Thursday, June 28, 2007

Rain, Rain and More Rain

It's raining in the Texas Hill Country! It's raining all the way up to Oklahoma. There have been reports of flash flooding and 20 inches of rain in Marble Falls. It's raining here in San Antonio right now! Looking out my patio doors, I see water coming down heavily and being blown sideways onto my patio. The prediction is there's more to come. The images on the left are of Perdnales Falls, a lovely place in the Hill Country. The first one is of the falls at normal levels. The next one was taken 5 minutes later. That's flash flooding!

The stray cat living on my patio doesn't seem to like the weather much. The patio area is dry except for the occasional gusts of rain which get blown under the bamboo curtain I use for shade. Right now he is sitting under the rattan chair which is far enough from the porch wall that he probably doesn't get wet at all. He isn't happy about the weather because it is keeping him pinned to one location. So he is yowling occasionally in complaint about the situation.

I love rain. It's my favorite kind of weather. When it's misting I've been known to put on a jacket and walk outdoors. If it's drizzling I have no problem walking with an umbrella. If it is pouring down, as it is now, I do storm watches. This all dates back to my childhood.

When I was much younger, my dad, sister, and I used to do storm watches from our front porch. This was special unexpected fun. We'd put chairs out on the cement part which was barely wide enough to be a walkway. Then we'd all sit and watch the storm come in. First you smelled the water in the air. Then the wind would start to blow the tree tops. The temperature would drop quickly. Soon the entire tree would be waving in the wind. Occasionally, you'd see some lightning across the sky. That only made it better. You could feel the excitement in the air on your skin and the flash of lights was never the same. The huge strikes were awesome! The thunder boomed and you could tell how far away the storm was. Suddenly the weather held its breath for a moment and everything went quiet. It was as if the world was waiting for the music to start. The first raindrops would fall. Big fat ones widely spread apart. As the fall of raindrops picked up you could hear the tattoo on the street and rooftops. It would start pouring down and the trees would go back to whipping wildly and the lightning would once again crash across the sky. Now it was rain! Now it was a storm! God was cleansing the world! And you were there, safe and sound with your dad, watching it all happen.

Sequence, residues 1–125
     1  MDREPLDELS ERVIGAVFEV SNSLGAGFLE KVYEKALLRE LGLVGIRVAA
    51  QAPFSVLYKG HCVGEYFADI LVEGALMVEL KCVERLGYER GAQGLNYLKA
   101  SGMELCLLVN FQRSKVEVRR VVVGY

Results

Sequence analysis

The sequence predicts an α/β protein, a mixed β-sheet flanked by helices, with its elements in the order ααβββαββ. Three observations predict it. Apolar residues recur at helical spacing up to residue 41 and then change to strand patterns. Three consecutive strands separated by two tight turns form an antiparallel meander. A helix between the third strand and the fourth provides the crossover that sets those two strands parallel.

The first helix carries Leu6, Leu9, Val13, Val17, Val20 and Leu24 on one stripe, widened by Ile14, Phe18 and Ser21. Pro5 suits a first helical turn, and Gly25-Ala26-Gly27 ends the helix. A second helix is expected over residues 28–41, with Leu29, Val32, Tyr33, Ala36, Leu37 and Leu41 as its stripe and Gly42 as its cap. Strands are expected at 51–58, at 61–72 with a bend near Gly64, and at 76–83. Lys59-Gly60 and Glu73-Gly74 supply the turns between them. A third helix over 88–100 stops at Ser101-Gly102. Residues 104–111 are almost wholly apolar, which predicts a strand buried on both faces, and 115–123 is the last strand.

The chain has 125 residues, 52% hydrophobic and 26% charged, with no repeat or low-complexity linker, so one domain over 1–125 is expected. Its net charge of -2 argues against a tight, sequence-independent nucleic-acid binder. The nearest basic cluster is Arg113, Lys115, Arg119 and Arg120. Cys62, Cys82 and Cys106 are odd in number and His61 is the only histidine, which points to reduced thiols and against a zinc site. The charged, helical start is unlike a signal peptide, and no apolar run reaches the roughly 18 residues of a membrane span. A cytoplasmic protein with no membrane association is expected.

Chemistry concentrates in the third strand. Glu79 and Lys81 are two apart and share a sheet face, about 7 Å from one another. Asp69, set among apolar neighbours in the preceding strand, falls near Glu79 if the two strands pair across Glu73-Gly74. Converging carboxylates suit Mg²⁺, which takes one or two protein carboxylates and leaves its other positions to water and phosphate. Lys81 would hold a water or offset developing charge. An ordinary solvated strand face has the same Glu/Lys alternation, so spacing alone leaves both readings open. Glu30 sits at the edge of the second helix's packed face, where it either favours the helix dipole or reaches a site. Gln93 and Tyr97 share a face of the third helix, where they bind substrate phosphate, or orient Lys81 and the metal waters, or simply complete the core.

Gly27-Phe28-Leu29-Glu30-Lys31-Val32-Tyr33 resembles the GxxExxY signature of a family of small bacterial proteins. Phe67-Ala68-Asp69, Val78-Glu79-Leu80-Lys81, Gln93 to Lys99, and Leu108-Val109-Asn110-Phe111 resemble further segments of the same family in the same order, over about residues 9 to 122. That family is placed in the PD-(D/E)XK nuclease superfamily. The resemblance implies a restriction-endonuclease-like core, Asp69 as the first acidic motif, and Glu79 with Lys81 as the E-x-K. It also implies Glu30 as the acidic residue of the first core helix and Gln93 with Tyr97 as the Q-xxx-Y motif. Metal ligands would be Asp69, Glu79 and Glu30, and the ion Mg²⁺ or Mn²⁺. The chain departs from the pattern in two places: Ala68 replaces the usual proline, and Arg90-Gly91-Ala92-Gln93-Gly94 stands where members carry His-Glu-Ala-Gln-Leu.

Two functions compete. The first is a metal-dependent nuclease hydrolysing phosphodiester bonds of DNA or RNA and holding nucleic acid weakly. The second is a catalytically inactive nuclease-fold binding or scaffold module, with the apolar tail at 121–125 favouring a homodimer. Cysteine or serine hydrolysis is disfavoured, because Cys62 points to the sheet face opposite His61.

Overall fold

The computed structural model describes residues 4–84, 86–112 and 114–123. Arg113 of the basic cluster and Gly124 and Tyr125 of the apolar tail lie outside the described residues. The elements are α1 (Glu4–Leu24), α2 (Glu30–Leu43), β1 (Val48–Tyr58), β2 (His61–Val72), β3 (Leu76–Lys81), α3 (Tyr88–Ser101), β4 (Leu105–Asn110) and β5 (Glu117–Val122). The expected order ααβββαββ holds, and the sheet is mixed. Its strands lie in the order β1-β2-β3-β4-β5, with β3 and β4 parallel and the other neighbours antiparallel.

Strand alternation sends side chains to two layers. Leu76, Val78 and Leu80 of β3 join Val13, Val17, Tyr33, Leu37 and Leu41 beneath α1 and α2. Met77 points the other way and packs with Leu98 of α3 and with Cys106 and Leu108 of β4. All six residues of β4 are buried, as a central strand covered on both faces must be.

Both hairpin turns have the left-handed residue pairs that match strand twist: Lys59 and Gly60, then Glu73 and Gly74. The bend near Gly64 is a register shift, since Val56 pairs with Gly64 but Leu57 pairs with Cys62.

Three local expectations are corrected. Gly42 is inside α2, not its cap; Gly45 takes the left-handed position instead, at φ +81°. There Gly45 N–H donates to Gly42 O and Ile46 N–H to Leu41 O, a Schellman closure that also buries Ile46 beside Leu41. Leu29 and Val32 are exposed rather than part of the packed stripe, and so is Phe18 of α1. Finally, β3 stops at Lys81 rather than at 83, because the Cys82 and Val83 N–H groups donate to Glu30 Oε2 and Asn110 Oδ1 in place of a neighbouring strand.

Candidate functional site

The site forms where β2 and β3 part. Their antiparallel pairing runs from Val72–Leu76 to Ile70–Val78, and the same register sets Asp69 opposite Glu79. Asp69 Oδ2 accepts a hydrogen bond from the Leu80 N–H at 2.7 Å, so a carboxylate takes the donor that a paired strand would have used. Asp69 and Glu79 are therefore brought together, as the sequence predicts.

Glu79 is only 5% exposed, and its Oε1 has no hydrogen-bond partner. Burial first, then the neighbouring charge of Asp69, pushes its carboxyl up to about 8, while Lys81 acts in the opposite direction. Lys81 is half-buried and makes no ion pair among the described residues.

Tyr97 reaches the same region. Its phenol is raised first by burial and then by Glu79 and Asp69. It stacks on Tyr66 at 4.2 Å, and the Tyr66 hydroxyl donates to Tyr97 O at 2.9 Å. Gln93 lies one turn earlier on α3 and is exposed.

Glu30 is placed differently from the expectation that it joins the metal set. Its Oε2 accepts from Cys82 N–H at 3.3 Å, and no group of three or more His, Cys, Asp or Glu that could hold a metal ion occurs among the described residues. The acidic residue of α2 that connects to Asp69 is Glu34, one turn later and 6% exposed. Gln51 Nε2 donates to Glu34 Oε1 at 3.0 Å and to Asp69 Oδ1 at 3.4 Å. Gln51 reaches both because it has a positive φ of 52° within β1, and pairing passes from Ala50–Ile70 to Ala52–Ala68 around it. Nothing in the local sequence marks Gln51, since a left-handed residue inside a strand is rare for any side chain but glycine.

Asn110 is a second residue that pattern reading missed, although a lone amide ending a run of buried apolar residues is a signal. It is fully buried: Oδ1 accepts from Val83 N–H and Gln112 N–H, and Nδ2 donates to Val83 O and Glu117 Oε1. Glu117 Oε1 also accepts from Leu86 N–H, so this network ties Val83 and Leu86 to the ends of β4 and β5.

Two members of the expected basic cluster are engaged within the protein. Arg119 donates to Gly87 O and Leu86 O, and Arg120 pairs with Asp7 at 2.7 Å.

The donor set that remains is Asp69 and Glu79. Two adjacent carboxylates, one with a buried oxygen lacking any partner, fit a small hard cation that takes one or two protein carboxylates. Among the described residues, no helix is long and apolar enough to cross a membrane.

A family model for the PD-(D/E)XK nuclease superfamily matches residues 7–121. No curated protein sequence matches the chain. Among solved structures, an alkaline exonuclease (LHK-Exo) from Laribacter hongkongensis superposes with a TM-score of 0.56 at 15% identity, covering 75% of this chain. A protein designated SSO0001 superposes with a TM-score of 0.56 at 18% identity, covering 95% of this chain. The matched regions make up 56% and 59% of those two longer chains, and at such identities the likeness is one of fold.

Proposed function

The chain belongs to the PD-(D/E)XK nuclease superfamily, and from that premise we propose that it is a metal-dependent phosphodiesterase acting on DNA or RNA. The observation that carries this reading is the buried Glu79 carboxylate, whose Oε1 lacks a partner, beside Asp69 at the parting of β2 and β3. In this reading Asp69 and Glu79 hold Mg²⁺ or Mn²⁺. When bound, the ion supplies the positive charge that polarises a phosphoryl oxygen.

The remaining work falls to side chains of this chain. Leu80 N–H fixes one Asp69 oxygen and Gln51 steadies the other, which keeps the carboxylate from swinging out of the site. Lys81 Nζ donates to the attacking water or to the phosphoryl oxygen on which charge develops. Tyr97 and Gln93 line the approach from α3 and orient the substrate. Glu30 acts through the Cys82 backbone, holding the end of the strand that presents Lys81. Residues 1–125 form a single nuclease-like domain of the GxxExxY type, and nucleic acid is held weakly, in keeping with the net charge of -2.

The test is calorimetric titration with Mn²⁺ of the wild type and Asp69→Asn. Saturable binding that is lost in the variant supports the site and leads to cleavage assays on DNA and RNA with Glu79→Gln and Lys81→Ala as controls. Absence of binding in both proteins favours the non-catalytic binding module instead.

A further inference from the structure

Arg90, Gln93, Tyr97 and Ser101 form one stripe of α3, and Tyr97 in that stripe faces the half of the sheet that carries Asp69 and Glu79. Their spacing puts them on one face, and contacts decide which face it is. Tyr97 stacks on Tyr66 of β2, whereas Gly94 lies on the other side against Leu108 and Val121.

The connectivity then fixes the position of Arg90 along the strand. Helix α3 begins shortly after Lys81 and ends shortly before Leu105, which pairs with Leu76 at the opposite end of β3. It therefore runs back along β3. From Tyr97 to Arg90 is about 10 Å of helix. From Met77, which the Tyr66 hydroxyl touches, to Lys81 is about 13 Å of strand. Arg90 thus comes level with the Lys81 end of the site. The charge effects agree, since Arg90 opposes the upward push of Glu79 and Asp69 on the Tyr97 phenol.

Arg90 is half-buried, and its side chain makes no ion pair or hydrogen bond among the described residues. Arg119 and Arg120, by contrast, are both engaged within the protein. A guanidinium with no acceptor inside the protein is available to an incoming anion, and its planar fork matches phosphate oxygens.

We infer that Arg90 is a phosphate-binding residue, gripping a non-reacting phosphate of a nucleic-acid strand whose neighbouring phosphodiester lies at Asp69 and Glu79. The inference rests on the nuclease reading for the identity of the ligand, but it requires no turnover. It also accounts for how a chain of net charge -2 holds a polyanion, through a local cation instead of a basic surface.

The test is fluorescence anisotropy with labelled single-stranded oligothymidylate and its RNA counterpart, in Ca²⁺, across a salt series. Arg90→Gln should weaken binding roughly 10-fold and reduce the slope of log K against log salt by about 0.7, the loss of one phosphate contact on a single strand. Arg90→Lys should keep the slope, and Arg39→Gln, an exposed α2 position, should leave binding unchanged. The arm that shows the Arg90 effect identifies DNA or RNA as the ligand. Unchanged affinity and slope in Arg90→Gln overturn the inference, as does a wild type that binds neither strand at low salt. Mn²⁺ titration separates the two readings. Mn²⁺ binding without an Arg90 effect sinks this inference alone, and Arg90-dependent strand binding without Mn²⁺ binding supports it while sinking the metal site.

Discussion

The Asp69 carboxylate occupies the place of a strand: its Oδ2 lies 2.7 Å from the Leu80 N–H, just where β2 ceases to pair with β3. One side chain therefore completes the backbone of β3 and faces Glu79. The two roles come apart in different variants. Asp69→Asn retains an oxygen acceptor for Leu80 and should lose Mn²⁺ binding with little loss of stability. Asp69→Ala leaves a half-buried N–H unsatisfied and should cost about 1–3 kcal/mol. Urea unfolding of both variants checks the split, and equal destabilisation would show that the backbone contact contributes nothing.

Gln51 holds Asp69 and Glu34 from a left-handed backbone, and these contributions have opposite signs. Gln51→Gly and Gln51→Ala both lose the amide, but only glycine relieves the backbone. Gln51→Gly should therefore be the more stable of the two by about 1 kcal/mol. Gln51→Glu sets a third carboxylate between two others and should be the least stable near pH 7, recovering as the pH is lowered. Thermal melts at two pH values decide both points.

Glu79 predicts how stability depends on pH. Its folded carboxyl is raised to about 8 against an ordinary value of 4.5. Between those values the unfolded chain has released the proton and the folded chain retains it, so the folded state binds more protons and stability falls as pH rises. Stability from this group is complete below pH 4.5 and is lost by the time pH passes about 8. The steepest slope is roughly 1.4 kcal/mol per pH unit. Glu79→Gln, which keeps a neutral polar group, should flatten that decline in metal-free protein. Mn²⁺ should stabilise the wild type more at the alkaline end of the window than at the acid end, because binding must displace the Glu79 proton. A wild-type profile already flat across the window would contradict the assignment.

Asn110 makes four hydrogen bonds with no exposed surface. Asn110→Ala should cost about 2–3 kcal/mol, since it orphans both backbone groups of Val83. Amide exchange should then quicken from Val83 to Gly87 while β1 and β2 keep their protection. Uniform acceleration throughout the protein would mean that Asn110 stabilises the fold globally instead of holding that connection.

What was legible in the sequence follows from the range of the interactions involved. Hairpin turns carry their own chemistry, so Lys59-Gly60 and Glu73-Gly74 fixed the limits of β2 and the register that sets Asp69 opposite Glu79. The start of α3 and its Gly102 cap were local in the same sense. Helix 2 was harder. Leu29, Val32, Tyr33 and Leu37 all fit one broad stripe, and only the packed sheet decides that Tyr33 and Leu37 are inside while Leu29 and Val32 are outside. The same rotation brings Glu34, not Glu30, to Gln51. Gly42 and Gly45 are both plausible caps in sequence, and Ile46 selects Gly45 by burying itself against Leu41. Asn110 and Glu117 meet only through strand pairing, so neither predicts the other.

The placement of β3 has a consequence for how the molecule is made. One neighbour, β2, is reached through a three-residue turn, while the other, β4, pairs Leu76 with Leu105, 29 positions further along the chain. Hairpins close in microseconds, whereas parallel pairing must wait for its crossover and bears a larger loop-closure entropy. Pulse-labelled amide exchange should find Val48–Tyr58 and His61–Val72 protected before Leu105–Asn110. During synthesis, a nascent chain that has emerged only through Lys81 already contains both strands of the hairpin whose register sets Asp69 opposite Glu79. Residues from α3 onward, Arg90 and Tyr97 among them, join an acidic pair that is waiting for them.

When the rain started blowing under the eves we would grab the chairs and hurry inside. There we would quickly dry off any water and Mom was always waiting with something warm to drink. Or supper would be ready and waiting on the table. There were sliding glass doors on the back of the house so we could continue to watch the storm while we ate. It was an awesome time!

It isn't so awesome right now for the people in Marble Falls. There have been 11 people killed according to the news reports. I wouldn't wish that on anybody. And it seems as if the Marble Falls people are ill prepared for this type of event. This isn't a tornado. Those have warning systems and you can seek shelter in the center of your house. This is flash flooding (see above images) and there is no place you can get out of the waters way except for your rooftops if it catches you and that happens all too frequently. If you check out the news report I linked to you can also click on some videos that tell horrific tales of this. They show lots of water and cars that have gotten washed down stream, the most impressive of these being a stretch limo with at least 4 windows shoved up against some other cars and a telephone pole.

I admit this is sort of gawking on my part. Growing up in the very flat Rio Grande Valley there wasn't much flooding. Certainly not the kind we get in San Antonio. In fact, the only flood I remember as a child happened because the Rio Grande river overflowed its banks and filled the flood plain between Mercedes and Weslaco, TX in 1967. This happened because of Hurricane Beulah. It actually moved north up the Rio Grande river and brought torrential rains which flooded the river. Not even hurricane Carla (1961), which took down trees, brought that much water. My grandparents lived in Mercedes in 1967 and saw that flood. I lived in Weslaco on the other side of the flood plain and saw it too.

The picture on the left is a scanned newspaper image of the flood before that one in 1922. Among that group of men, standing up to their hips in flood water, is my maternal grandfather. It's one of the few pictures I have of him from before I was born. The building behind him is his Texaco gas station, the only one in Mercedes for many years. If you think you'd like to read the entire small town history report on Mercedes, TX, which that image is a part of, go here. The writing isn't great, it was a college report, but it's the story of my home town.

The rain has stopped outside. The rug on my patio is pretty wet. People are starting to move about. The cat outside would like to come inside. Too bad, he'll have to wait till I can get him to a vet for a checkup and bath. If more rain should come I will be inside safe and dry. I think I'll try to clear off space for a candle to light and keep me and the rain company. And life goes on. Peace, Hope, and Joy!

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